The observations and opinions of a person who has no discernible insights or ideas.

Friday, July 13, 2007

"I pose a conundrum to you, a riddle if you will" 

While I enjoy political discussion, including some of it that I find to be very wrong-headed, I have little patience for the talking heads. I'm not sure why, but I suppose that it's because so many people take them seriously.

One of the most perplexing pundits that I hear about lately is CNN's Lou Dobbs. Like his colleagues, he tends to focus on a small handful of his favorite issues (immigration seems to be one, and I can't really say what the others are). I am bothered by the way that he twists language. A recent example was a CNN.com editorial about how he'd like to see all the bums in congress get thrown out in the next election, but he doesn't think that the electorate will be able to mature enough to learn how bad they are (he stops short of accusing the voters for the problem, since his whole style requires him to pander to his readers).

The basic idea of his column is that the presidency, all of the House, and a third of the Senate are lame ducks, since they all are up for reelection in the next general election (only 16 months away! mark your calendars!), except for the president who is constitutionally restricted from running again. In Bush's case, he is right. George W. Bush will not run again for the office of President of the United States, and it is unlikely that he will run again for any elected office (after all, where do you go after being the leader of the free world?). In the case of the legislature, most of them will run again next year, and most of those will probably win. They are not "lame ducks" in any sense of the expression (except for Congressman Daffy, who has been having knee troubles).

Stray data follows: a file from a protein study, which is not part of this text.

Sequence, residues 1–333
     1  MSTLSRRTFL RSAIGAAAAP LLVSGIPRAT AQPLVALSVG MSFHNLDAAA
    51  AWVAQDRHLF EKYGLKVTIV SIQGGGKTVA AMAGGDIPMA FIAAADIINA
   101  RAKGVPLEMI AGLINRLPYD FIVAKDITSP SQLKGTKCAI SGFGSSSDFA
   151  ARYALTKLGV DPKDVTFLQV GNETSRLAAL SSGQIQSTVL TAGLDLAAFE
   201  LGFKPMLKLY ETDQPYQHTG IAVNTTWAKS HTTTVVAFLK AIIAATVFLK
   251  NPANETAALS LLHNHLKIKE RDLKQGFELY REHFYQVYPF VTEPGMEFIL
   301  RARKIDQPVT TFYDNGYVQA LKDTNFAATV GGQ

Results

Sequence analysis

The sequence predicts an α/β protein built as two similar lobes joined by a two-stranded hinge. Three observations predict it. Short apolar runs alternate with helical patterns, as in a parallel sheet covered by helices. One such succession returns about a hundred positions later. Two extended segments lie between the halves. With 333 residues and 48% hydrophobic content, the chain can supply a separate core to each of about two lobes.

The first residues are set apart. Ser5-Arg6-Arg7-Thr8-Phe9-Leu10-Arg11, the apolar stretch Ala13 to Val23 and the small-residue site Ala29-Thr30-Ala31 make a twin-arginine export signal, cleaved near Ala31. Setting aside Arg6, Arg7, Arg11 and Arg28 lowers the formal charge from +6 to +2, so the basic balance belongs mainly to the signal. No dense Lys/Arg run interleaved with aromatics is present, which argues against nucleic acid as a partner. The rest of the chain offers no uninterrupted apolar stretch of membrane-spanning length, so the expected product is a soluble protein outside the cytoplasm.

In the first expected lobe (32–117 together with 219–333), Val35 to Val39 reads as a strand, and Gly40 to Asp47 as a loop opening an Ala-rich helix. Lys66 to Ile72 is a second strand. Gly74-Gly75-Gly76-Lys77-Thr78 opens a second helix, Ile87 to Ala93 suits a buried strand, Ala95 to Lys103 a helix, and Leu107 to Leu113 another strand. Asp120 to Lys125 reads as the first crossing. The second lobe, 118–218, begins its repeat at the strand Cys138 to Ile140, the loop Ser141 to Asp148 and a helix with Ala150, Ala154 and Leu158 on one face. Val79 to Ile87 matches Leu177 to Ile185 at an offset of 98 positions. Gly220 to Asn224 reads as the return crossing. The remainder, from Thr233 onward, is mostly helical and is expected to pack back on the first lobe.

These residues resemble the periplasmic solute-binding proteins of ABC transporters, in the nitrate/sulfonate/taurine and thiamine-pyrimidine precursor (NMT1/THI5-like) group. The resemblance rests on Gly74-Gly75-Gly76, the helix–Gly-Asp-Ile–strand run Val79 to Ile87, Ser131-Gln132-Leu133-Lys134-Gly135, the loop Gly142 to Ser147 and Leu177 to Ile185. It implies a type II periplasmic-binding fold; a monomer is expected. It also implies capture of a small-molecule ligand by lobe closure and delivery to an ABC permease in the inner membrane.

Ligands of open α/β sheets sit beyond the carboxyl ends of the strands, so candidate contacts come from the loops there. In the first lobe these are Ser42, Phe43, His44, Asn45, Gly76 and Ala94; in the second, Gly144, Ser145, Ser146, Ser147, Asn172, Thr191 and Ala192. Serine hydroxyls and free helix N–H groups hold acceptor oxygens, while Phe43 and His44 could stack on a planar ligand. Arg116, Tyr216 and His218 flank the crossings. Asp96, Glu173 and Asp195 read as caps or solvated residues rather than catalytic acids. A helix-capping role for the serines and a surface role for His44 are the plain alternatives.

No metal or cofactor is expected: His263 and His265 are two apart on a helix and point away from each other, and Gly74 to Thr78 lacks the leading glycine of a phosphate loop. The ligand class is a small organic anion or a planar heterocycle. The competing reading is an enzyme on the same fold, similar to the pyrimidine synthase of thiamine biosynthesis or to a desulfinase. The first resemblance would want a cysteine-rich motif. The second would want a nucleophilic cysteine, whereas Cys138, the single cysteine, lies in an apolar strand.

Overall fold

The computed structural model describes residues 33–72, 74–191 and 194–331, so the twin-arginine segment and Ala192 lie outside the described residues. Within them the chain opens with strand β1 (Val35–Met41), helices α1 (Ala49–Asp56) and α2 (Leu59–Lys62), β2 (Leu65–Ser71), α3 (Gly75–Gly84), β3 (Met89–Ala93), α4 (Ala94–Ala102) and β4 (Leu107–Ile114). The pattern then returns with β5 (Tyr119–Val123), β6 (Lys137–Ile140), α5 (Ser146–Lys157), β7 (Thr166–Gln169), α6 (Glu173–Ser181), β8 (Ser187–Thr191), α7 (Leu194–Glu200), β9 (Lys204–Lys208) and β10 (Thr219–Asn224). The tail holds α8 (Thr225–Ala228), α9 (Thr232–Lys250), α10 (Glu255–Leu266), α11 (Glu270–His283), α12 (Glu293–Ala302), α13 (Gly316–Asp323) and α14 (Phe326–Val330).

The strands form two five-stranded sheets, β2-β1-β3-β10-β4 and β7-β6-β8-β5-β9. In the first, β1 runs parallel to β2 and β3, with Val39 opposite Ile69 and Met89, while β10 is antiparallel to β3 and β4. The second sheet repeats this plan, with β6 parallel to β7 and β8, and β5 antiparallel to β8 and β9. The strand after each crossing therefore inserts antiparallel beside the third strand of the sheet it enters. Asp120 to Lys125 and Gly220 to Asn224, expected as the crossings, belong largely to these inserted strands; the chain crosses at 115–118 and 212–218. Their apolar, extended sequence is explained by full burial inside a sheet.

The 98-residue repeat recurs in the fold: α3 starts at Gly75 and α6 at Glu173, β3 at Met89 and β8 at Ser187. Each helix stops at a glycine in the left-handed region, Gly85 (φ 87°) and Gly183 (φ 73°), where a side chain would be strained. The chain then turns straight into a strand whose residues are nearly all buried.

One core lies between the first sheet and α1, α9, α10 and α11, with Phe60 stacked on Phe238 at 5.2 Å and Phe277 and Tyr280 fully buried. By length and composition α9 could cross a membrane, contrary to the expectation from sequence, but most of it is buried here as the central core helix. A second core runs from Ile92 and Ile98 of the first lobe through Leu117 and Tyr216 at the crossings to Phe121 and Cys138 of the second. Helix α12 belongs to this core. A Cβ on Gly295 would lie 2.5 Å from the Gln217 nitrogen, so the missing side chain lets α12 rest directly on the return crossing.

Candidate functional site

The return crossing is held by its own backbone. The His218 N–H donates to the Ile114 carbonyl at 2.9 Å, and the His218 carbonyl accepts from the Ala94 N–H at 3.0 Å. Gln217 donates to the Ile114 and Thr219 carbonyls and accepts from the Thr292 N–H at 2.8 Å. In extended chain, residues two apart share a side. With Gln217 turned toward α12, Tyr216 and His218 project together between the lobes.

I take similar exception to Mr. Dobbs' use of the term "middle class". He often describes a war on the middle class, apparently to stir up the middle class into an (electoral) revolt against the ruling parties.

The problem with this sort of demagoguery is that the term "middle class" is inherently vague. If you ask an economist, you may be given a fairly specific definition of who is in the middle class. If you asked 100 of them, you'd come to some reasonable consensus of what it means. If you ask Lou Dobbs, he may even give you some meaningful definition of the term (although I suspect that he'd respond with some non-specific stuff about an average American).

The term is not vague when used by experts or even one individual. The problem arises from the fact that "middle class" is something that each reader (or listener) personally defines it to be, and almost everybody considers themselves to be a part of the middle class. If you ask a person who makes mid-six figures, they would probably say that they are (upper) middle class. If you ask a person who makes $20,000 a year, he too would consider himself to be in the middle class.

What's more is that most people probably perceive the middle class to be a minority in this country. Each person would see the middle class as including a fairly narrow band of incomes near theirs (possibly with as much range as -50% to +100%, which is essentially within an order of magnitude). When they perceive an attack on the middle class, they see it as the big guys trying to stomp on their own particular minority group.

That is the cunning thing that Lou Dobbs has done. He has taken almost everyone in the country and made them think that he is talking to them and that they are part of a small minority. All the while, he appears to be a champion of the average person, and they never notice the subtle way in which he ropes everyone.

At least that would be the case if more people read or listened to him, and if he wasn't so tired.

(Note: What is the difference between a congressman who lost his seat and a mallard with a broken leg?)

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